Two wizards, 350 years apart. Can they save the realm of Paltria from Zarua’s dark past?
An ancient darkness haunts the realm of Paltria.
Apprentice wizard Paddren is plagued by visions of a city on the brink of annihilation. When his master dies in mysterious circumstances, the Royal Order of Wizards refuses to investigate.
Helped by his childhood friend, the skilled tracker Varnia, and her lover Leyoch, Paddren vows to find the killer.
The investigation leads Paddren down a sinister path of assassins, secret sects and creatures conjured by blood magic. But he is guided by a connection with a wizard from centuries ago – a wizard whose history holds the key to the horror at the heart of the abandoned city of Zarua. Can Paddren decipher his visions and save the Paltrian people before the dark menace of Zarua’s past is unleashed?
Finishing this audiobook in time for the tour ended up coming closer to the wire than I would have liked. Truth is I just don’t listen to audiobooks that quickly… unless I have a looming deadline. I typically listen to audiobooks in the car on the way home, which means I listen to them for around half an hour every weekday.
It felt like it took a little while to get into the book, but I put that down to the fact that I started listening to this audiobook quite slowly. It is no reflection on the book at all because as soon as I started listening to it as much as possible this week, I found myself hoping for a few more minutes at the end of lunch to continue it… or sitting in the car to wait for the next suitable place to pause the narrative.
I enjoyed the split timeline element of the narrative, as I often do in books of this format. In Visions of Zarua, the past and the present timelines complement each other very well. The pacing of each respective story builds to the epic climax of a 350-year-old struggle. The element of mystery to the novel also made an interesting and enjoyable pairing with the fantasy genre. The magical society and divisions within add political intrigue and tension to the relations between characters.
I can’t write this review without talking about our main characters in the novel: Paddren, Leyoch and Varnia. The friendship of these three characters from not-so-different backgrounds really gels the story together. In times of despair, they pull each other through and their complex relationships and motivations play a large part in driving the narrative forward. They each have their own distinct personalities and despite their trials and flaws, you cannot help but love and invest into them.
Lastly, as this is an audiobook, I should talk about Guy Barnes’ narration of the storyline. Can I say, he does a fantastic job of bringing each of the characters, major or minor, to life. Each is distinctively unique in the persona he has given them. The variety of accents he pulls off consistently is amazing too.
I really enjoyed listening to this audiobook and I recommend it to all who enjoy the fantasy genre. I’ll be reading some of her other books having enjoyed Visions of Zarua so much – put it that way!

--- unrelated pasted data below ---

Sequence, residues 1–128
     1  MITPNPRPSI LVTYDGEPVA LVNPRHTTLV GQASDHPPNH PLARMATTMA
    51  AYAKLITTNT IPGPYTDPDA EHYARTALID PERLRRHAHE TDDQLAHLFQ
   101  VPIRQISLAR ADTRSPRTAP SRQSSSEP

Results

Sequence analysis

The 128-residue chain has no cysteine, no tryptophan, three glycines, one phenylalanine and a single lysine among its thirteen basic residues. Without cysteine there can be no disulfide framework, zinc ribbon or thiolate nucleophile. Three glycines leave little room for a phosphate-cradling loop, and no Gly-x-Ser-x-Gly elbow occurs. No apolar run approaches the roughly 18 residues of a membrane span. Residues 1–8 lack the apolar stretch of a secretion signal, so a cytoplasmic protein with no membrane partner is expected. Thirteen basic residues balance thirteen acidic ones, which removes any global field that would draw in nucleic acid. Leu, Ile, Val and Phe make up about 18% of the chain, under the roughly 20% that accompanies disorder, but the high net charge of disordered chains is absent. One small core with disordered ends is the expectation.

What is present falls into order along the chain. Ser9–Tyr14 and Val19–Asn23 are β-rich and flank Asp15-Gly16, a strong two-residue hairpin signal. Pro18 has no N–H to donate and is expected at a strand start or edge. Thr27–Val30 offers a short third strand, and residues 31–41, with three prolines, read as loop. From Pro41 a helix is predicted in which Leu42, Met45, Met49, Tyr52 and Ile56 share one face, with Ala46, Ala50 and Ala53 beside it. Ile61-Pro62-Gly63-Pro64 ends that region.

Author Bio –
Suzanne lives in Middlesex, England with her hugely encouraging husband and two children.
She wrote her first novel at the age of twelve. She discovered the fantasy genre in her late teens and has never looked back. Giving up work to raise a family gave her the impetus to take her attempts at novel writing beyond the first draft, and she is lucky enough to have a husband who supports her dream – even if he does occasionally hint that she might think about getting a proper job one day.
Suzanne loves gardening and has a Hebe (shrub) fetish. She enjoys cooking with ingredients from the garden, and regularly feeds unsuspecting guests vegetable-based cakes.
She collects books, loves going for walks and picnics with the children and sharing with them her love of nature and photography.
Suzanne is interested in history and enjoys wandering around castles. But most of all she likes to escape with a great film, or soak in a hot bubble bath with an ice cream and a book.
It has been some time since I finished listening to Peter Brett’s The Painted Man, so it’s about time that I shared my review of this audiobook! I listened to this back in May/June this year. I started with some mixed feelings, but I’m glad I stuck with it. It grew on me the more I listened to it and the story progressed.
As darkness falls after sunset, the corelings rise—demons who possess supernatural powers and burn with a consuming hatred of humanity. For hundreds of years the demons have terrorized the night, slowly culling the human herd that shelters behind magical wards—symbols of power whose origins are lost in myth and whose protection is terrifyingly fragile. It was not always this way. Once, men and women battled the corelings on equal terms, but those days are gone. Night by night the demons grow stronger, while human numbers dwindle under their relentless assault. Now, with hope for the future fading, three young survivors of vicious demon attacks will dare the impossible, stepping beyond the crumbling safety of the wards to risk everything in a desperate quest to regain the secrets of the past. Together, they will stand against the night.